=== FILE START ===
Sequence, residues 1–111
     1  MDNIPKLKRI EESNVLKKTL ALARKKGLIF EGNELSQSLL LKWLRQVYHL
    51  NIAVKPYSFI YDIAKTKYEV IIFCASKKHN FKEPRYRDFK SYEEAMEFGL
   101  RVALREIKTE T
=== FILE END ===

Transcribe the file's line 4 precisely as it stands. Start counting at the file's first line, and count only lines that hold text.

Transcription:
   101  RVALREIKTE T